Americanhistory

Americanhistory - The Great Awakening(1730-1770 Mike Coover...

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The Great Awakening (1730-1770) Mike Coover June 22 nd , 2007 American History 1 Prof. Lemon
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The first “Great Awakening" is what historian’s best described as the renewal of religious faithfulness which swept through the American colonies between the 1730s and the 1770s. This resurgence was part of a much broader movement taking place concurrently on the other side of the Atlantic, particularly in England, Scotland, and Germany. During the middle of the eighteenth century, a new Age of Faith began to rise to counter the presence of the Age of Enlightenment and a confirmation that being truly religious meant trusting the heart rather than the head, honoring feeling over thinking, and relying on biblical revelation rather than human reason. Before it was over, it had swept all the Eastern colonies, transforming the social and religious life of the land. The Great Awakening did not happen in one continuous restoration, but rather several smaller revivals in a variety of places made up the Awakening. The reality on the frontier proved difficulty in establishing a parish system of England. The new world, unlike the old, had small farms and plantations spread out into the wilderness, making both communication and religious discipline difficult. In addition, there was more of a concern for survival and grappling a living from a hard, difficult, and unexplored land. By the second and third generations, the majority of people were vastly outside the membership of the church. All that was required was a spark of restoration to ignited the landscape with passionate religious interest. (Heyrman) The earliest demonstration of this American phenomenon is said to have appeared in Solomon Stoddard's sermons in Northampton, Massachusetts as early as 1679 (Matthews). Later, among Presbyterians in Pennsylvania and New Jersey, Reverend William Tennent, a Scots-Irish immigrant, and his four sons, all clergymen, led in those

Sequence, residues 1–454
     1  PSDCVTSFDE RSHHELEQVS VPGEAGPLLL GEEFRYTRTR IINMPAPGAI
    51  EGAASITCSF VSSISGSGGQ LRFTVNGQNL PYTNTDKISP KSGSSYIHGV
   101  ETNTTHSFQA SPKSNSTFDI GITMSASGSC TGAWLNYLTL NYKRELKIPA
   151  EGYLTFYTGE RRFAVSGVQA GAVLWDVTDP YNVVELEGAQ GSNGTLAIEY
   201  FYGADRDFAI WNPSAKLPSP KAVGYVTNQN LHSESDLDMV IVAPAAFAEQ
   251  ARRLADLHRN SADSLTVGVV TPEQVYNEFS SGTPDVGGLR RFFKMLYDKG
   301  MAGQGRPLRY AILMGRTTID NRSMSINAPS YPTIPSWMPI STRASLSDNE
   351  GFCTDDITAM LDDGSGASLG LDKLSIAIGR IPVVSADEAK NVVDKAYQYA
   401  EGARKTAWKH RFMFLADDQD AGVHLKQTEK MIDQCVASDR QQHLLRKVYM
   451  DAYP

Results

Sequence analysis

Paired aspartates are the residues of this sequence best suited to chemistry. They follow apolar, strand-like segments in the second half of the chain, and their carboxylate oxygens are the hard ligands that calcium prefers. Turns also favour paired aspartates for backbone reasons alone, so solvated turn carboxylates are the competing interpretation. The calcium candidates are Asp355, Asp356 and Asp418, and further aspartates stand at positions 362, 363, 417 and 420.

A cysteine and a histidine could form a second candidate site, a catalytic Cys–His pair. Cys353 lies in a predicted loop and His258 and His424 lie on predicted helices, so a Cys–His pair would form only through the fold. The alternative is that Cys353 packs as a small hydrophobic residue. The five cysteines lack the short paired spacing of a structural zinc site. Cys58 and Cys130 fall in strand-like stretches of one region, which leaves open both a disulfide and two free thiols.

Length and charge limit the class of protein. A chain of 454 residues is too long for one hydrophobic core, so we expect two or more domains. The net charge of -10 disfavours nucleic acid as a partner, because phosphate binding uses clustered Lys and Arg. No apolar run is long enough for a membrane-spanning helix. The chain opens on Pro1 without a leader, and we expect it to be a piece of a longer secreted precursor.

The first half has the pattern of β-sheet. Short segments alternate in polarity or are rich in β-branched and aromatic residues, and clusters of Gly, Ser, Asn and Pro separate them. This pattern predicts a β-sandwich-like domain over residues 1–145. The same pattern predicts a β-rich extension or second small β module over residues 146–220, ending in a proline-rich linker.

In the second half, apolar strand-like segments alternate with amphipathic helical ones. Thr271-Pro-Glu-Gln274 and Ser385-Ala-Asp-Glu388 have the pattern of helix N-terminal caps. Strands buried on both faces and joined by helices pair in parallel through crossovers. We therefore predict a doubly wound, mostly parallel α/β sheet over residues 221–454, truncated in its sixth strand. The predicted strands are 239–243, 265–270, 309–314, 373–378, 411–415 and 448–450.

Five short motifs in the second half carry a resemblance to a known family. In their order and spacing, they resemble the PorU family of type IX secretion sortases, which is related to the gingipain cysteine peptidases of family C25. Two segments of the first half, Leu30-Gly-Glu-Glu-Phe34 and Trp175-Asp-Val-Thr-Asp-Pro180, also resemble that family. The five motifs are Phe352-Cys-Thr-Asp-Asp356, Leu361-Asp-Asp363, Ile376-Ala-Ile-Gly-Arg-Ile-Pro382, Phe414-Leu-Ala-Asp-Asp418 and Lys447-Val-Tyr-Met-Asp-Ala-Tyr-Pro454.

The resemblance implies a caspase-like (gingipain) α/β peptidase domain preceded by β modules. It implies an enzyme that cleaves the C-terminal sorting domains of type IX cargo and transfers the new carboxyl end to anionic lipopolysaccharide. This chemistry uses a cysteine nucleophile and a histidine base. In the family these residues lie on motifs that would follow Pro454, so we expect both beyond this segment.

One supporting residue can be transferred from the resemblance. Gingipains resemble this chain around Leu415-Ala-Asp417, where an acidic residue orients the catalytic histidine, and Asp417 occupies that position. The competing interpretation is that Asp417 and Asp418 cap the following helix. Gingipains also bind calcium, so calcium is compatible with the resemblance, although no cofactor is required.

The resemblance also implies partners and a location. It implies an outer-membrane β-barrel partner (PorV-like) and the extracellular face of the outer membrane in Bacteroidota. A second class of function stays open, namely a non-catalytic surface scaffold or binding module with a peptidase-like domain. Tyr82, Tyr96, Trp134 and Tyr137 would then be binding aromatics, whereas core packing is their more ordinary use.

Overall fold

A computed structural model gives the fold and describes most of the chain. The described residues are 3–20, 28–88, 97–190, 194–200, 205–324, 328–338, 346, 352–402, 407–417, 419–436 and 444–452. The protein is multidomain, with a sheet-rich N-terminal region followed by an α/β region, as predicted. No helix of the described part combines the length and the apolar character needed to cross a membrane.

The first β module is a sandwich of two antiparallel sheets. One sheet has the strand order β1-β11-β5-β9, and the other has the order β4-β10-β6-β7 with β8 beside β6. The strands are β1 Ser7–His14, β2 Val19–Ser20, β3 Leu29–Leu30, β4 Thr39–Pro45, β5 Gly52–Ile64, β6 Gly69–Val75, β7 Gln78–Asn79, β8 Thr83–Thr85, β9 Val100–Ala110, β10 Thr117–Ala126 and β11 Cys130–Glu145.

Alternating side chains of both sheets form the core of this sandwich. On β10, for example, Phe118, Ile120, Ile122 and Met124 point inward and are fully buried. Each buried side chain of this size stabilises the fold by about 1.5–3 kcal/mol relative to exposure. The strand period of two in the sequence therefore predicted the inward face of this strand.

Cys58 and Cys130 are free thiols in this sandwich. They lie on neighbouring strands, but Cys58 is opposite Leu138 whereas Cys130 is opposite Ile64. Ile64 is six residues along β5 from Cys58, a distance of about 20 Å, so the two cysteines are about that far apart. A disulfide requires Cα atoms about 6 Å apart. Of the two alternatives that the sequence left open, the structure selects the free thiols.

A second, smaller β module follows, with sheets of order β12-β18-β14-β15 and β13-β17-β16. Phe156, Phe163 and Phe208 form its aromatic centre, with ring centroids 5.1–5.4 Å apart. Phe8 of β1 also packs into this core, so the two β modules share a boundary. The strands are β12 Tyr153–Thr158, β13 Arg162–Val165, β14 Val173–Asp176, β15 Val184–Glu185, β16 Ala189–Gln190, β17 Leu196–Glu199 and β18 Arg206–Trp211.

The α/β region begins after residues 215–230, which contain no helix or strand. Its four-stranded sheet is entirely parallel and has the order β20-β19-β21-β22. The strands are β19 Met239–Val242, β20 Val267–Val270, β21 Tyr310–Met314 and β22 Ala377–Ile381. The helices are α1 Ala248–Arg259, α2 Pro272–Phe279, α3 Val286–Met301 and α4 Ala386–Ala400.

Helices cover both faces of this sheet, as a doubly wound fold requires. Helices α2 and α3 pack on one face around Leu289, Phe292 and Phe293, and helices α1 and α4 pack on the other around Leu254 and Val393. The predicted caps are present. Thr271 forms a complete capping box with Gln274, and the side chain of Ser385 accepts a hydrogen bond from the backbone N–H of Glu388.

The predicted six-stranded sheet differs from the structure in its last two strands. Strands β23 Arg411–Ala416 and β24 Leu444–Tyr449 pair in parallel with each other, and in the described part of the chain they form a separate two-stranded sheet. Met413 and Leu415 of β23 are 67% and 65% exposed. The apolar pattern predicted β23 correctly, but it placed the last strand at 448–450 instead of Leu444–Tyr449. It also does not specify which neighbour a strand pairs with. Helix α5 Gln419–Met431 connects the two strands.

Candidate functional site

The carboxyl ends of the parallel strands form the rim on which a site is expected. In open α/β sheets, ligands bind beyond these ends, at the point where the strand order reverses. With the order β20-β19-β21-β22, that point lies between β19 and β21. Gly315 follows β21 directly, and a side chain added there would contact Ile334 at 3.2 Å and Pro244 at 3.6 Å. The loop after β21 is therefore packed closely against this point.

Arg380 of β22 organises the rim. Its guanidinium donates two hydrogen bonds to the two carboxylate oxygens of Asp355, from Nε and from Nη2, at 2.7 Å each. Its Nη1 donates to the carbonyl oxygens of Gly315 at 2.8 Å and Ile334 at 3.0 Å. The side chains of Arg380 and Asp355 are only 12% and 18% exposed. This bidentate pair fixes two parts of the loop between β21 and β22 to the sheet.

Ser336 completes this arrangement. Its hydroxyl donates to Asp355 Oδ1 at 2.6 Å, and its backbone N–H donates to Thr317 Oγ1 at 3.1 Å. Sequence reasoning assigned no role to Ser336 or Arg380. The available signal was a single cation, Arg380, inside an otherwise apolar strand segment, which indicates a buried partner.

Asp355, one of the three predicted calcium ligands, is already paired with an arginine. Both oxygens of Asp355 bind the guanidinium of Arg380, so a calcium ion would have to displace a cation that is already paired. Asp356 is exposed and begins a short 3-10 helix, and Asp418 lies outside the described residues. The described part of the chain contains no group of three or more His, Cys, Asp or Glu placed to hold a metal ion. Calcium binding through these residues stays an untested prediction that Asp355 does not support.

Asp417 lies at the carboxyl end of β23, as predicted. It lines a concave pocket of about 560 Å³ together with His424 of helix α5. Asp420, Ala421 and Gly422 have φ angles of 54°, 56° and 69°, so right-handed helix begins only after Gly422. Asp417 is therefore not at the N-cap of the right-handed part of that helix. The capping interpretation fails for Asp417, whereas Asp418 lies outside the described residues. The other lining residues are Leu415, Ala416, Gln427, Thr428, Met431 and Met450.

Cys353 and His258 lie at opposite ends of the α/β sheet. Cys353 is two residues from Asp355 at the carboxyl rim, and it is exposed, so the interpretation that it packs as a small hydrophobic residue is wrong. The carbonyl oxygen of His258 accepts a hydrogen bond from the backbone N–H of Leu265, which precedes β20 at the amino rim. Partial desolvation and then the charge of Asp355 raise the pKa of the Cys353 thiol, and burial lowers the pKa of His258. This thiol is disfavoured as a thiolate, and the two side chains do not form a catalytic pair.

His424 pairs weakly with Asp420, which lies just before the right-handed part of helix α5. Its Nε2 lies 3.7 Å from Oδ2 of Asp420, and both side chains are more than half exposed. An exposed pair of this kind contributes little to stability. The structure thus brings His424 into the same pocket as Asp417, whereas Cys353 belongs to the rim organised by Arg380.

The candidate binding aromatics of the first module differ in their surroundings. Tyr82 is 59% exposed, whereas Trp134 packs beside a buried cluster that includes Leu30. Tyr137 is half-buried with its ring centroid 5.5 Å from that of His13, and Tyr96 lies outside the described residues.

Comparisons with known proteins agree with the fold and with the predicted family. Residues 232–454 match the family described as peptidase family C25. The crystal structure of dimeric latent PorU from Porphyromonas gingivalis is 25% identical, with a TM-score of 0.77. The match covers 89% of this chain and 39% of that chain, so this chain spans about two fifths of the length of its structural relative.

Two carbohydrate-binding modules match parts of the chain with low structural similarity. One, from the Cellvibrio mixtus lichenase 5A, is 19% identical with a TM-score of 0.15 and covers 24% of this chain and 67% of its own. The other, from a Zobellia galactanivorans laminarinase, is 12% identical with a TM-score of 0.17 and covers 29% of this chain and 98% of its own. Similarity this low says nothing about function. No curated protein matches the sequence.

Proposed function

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colonies during the 1730’s (Heyrman). Presbyterians not only commenced religious revivals in this time, but they also established an institution, originally called "the Log College", now known as Princeton University, to train clergymen whose earnest preaching would bring sinners to experience evangelical conversion.
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